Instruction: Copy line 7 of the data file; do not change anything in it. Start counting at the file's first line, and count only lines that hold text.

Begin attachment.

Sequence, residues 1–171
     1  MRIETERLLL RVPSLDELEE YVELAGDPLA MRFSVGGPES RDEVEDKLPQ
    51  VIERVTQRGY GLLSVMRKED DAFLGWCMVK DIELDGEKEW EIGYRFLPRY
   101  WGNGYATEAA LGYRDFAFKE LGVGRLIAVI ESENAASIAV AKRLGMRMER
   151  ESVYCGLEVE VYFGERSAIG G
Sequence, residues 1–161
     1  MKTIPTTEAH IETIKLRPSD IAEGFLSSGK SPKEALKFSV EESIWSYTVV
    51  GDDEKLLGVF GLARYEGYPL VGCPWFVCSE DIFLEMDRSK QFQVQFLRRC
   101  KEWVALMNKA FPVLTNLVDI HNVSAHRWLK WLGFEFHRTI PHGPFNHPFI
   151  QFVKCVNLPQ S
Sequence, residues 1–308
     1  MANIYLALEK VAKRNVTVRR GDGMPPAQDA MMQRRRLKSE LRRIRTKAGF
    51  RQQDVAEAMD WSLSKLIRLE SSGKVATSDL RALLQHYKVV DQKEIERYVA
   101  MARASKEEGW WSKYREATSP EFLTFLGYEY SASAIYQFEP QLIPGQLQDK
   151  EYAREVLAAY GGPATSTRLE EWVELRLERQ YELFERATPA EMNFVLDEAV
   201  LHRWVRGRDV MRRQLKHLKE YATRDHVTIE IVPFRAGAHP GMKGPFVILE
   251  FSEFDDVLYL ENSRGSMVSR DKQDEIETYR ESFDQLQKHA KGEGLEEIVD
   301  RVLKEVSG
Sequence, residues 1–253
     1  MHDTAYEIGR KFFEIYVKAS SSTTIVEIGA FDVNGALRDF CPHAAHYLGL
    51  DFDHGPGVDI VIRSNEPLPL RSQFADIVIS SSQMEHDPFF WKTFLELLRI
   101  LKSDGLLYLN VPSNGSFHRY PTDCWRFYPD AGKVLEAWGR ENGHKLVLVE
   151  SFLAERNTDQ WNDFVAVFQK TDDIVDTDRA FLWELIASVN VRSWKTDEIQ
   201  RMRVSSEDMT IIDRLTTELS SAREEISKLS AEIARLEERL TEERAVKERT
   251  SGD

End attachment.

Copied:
     1  MKTIPTTEAH IETIKLRPSD IAEGFLSSGK SPKEALKFSV EESIWSYTVV